The most popular self-interpretable models are:
- Decision Trees,
- Linear Regression,
- Logistic Regression,
- Naive Bayes Classifier,
- K-Nearest Neighbors (KNN),
- Rule-based Models,
- Generalized Additive Models (GAM).
These self-interpretable models are valuable in scenarios where model interpretability and transparency are critical for understanding the impactful decisions of the model and visually investigating model behavior. Nevertheless, they are usually less accurate than post-hoc models (there must be a compromise between making the model more exact or more meaningful to humans).
Post-hoc explanations are commonly used for deep learning models. We can group them into local and global explanations. Local ones explain a subset of decisions or are per-decision explanations, while global ones generate explainable models that approximate the non-interpretable models.
Moreover, in certain cases, a global explanation can also produce local explanations by simulating them on specific inputs and providing explanations for those individual inputs.
As already stated, Explainable AI local explanations deal with a subset of inputs. The most common kind of local explanation is a per-decision or single-decision explanation, which produces an explanation for the algorithm’s output or decision on a single input point.
There are a few commonly used local explanation algorithms, for example:
- LIME (Local Interpretable Model-Agnostic Explainer),
- Shapley Values,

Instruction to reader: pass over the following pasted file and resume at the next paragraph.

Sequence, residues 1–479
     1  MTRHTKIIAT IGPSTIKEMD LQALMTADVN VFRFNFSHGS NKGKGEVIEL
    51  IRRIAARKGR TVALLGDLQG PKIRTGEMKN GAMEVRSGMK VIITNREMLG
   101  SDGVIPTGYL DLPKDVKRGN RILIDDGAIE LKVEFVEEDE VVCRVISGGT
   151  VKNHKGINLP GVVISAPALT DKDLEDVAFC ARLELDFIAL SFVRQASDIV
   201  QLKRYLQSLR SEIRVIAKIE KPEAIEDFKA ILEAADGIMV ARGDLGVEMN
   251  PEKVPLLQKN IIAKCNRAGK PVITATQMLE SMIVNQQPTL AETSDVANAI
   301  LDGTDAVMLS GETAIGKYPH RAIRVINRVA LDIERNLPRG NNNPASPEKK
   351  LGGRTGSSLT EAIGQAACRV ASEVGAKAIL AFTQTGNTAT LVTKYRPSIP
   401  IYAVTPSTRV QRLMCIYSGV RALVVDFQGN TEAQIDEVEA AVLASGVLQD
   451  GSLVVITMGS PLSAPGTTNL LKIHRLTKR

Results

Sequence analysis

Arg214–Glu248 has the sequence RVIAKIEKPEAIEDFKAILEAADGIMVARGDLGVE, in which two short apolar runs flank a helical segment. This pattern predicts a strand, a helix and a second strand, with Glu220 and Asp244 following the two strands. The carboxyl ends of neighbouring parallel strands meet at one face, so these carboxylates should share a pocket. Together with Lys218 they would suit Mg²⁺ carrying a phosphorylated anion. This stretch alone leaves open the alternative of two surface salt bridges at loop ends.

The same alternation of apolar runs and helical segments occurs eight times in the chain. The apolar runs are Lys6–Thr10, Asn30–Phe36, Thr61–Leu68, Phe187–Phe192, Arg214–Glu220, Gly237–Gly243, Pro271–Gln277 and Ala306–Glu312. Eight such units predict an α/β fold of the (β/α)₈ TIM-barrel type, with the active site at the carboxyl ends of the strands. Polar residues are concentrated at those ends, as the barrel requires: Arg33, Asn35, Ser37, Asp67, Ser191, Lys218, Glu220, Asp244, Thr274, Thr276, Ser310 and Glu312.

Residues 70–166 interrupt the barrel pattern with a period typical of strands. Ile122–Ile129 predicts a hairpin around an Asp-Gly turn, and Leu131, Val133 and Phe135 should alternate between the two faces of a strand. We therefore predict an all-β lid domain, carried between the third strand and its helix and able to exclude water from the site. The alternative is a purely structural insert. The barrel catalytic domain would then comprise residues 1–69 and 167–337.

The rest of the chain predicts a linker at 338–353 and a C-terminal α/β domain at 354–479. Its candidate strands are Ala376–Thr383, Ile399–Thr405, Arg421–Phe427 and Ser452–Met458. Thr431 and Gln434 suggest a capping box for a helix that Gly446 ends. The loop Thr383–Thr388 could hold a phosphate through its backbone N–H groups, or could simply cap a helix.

- Counterfactual Explanations,
- ICE (Individual Conditional Expectation).
LIME approximates the behavior of the underlying black-box model locally using a simpler, interpretable model to provide explanations.
It first takes a decision, then queries nearby points, builds an interpretable model representing the local decision, and, finally, uses that model to provide per-feature explanations. The default model chosen is logistic regression, but it can also use decision trees, neural networks, linear regression, and others.
When it comes to images, LIME breaks each one into superpixels. Then, it queries the model with a random search space, and varies which superpixels are omitted and replaced with selected color. LIME can also be used to provide local explanations by approximating the model’s behavior around a specific data point and explaining why AI arrived at a certain point.
In Shapley Values, a prediction can be explained by treating each feature value as a player in a game where the prediction is the payout. Shapley values are a method from coalitional game theory that tells us how to fairly distribute the “payout” among the features.
The players are the feature values that work together to receive the gain (= predict a certain value). The Shapley value is the average marginal contribution of a feature value across all possible coalitions.